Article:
Monday, March 18, 2013

"Bro"

I hope Sunday was the last time I go to Five Guys. Not that I'll back it up with some sort of solemn promise. (Still need to finish the post about people who wear thug fashion in public.)

Sunday dinner hours were quite busy - a lot of families feeding there. I overheard some middle school boys (pre-teens/or maybe 13?) talking since they were sitting next to me. One of them called another, "Bro." This sort of causal intimacy, which habitually comes out of the mouths of young (and not-so-young) men strikes me as being a form of fake, casual intimacy. Maybe pre-teens and teens understand something about brotherhood from real brothers; but have they lived long enough to know what it means to stick out hard times with their buddies?

I can't imagine vets of WW2 calling each other bro, even though they had earned each other's respect and affection. But I have heard Iraq vets use that word. The males of our generation and younger may have picked up this habit, but what does the habit really signify? Anything genuine with respect to the relationship? Or is it more of an indicator that men are noticing the loss of close friendship and fraternity among men in our "society" and are trying to make up for it with this sort of a term of casual intimacy or endearment?

Did adelphopoiesis (made infamous by John Boswell) arise in the Byzantine Empire, not only as an alternative to the blood-brotherhood ceremonies found in other societies (too pagan?), but because of the scale of the cities precipitated a loss of friendship between men? Does it originate in causes similar to teh development of oaths of brotherhood  in gangs and secret societies?



I am reminded of Jack Donovan's post on Geoffroi de Charny and true chivalry, and how Donovan encouraged men to read it as a source of the Western martial way. Are knights too "aristocratic" or tied up to feudal notions of nobility? I have to say that I prefer Greek or Roman republican model, but it may be that republicanism is not wholly foreign to the Germanic nations. It seems to me that the pre-Christian Germanic tribes may have been more "republican," electing their own leaders (the kings). I do not think Christianity was the cause of greater social stratification, but their success in conquest and trying to maintain their political system while growing too big. (Sound familiar?) Nonetheless, knights and such are not a republican institution? While there has been a resurgent interest in the Spartans, they may not be an ideal commendable to Americans, either.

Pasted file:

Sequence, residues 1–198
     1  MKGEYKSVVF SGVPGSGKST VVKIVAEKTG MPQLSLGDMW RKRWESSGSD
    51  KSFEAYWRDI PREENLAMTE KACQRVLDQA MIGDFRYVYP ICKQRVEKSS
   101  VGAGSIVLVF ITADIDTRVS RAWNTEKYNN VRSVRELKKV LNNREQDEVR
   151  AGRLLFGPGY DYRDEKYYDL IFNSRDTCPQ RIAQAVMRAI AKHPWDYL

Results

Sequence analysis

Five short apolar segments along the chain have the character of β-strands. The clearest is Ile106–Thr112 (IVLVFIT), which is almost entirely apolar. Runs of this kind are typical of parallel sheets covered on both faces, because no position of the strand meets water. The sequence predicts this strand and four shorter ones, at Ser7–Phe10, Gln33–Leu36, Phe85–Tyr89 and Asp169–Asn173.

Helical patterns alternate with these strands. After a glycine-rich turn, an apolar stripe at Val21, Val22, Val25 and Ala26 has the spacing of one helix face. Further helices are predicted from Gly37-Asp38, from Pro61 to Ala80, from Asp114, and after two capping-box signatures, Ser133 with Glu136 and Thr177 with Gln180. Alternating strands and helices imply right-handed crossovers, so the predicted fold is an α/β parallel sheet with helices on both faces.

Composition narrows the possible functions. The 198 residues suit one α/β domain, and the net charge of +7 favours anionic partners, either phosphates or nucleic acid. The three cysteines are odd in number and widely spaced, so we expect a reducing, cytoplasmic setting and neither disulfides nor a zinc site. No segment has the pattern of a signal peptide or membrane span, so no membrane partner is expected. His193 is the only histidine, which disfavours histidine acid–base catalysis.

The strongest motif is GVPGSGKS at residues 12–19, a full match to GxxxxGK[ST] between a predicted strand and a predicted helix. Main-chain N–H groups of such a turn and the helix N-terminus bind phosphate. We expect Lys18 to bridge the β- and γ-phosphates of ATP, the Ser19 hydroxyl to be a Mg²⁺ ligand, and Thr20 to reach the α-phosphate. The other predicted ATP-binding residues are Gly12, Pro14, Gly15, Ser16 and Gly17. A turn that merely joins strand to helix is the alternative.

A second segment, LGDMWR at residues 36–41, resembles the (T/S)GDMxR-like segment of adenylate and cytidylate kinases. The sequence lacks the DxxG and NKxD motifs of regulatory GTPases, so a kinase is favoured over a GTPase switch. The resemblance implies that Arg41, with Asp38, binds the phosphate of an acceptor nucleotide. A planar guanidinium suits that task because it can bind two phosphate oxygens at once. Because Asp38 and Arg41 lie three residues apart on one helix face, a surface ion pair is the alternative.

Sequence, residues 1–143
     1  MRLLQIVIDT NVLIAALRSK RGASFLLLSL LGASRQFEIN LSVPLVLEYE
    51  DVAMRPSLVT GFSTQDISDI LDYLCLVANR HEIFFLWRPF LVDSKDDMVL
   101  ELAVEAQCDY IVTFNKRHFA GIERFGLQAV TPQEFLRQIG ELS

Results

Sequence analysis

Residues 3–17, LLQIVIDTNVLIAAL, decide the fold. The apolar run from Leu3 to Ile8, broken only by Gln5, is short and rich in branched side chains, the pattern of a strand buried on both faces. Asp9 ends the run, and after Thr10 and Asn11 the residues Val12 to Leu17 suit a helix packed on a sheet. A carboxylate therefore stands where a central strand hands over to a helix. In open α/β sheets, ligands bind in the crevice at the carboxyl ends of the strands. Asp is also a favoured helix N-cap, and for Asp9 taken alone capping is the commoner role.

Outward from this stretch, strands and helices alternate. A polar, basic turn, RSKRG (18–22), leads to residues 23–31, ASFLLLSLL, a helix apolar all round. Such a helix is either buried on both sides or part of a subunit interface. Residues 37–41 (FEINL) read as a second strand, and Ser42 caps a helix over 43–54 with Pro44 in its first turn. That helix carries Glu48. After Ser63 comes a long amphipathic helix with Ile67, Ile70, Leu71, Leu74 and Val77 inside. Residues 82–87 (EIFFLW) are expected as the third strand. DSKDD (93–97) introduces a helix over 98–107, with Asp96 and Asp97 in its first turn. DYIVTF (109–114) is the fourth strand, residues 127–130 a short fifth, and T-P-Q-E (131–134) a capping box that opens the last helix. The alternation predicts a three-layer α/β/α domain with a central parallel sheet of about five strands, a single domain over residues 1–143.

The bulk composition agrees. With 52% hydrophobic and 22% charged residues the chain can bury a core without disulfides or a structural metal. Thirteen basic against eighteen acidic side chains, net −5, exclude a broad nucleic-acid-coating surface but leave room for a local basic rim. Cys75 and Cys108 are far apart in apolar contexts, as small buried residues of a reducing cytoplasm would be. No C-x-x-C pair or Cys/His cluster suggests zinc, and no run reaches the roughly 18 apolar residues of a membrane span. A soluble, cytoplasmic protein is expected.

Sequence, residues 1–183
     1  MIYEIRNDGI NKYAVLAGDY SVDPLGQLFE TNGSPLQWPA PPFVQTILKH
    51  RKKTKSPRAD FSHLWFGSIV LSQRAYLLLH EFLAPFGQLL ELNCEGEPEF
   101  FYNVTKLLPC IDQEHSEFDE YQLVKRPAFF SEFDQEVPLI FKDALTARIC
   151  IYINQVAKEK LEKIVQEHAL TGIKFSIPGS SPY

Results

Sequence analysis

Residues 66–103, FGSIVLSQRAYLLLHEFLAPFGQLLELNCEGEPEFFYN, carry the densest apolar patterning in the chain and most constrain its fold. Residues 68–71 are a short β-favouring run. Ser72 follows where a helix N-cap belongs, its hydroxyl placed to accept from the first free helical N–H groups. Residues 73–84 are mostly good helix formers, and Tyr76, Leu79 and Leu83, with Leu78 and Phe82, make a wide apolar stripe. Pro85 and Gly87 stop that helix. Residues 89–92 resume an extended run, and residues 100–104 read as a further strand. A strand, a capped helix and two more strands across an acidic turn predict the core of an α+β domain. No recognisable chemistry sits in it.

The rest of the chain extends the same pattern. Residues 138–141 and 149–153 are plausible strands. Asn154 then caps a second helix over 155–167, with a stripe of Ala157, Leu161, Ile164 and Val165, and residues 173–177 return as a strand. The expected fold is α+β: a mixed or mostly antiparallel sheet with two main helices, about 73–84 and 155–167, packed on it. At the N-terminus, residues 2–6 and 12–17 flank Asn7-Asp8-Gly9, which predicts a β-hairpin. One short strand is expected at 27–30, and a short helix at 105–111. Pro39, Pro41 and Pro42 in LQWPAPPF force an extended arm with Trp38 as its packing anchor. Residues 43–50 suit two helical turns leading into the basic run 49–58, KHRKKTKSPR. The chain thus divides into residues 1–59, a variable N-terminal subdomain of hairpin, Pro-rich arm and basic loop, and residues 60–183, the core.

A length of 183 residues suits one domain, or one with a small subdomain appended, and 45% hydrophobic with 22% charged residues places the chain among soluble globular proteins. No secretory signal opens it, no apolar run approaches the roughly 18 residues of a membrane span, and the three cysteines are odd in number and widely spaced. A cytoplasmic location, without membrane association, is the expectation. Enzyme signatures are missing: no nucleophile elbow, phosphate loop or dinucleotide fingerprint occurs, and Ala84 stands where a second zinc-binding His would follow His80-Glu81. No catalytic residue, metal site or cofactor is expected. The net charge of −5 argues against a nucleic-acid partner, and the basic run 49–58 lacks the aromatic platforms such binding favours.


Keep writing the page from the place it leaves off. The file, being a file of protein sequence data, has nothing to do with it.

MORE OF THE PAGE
At the restaurant I also saw a Caucasian man (with a Hispanic wife?) wearing a front baby carrier. Such men are mocked by others (especially Roissy) for being less than manly. Besides the visual association of baby carriers with women, is there something inherently less manly about a man wearing a baby carrier? A man should keep his arms free for defense; not only that, but concealed carry seems to be impossible when one is wearing a front baby carrier. A rear baby carrier also gets in the way of combat - who would want to put an infant at risk if he could help it? The mother should be taking the child to safety, fleeing or seeking cover. If a man holds a child, he should do it with his hands so he can pass the child off to the mother when necessary. Men should remember the Boy Scout motto of their youths, "Be prepared."

Now, this sort of defensive warrior mindset may be unfamiliar with the sheeple of California, who entrust defense (as well as leadership and liberty) to the political elites. They might even reject it as being unnecessary to a "civilized" age. So be it. But they deserve the scorn they receive from other men as a result.

What of the herb's entitled queen? Does she carry anything? Usually, no, though she may have a child or two in two, maybe not.

"Macho" culture... may not be so macho after all?
1. Are a lot of "patriarchs" just betas demanding unearned alpha status with their women? They do not generate attraction or respect (even if that is owed, along with obedience). It may be that modern career women have disdain for the "ordinary" male - was this true also in the past, in the traditional "patriarchal" culture of China? Or were the women too busy to judge whether their men deserved their respect?

2. They may think of women as being "inferior" men and show a lack of respect towards women, but they are unable to lead them (or love them). Is a lot of Latino "machismo" just talk/bluster/maybe even physical abuse, but no real masculinity other than raw strength or aggression? A man resorting to brute force to deal with his woman, without anything else to make up for it? Would a resentful woman mind it so much if that sort of talk was coming from a man to whom she is attracted?

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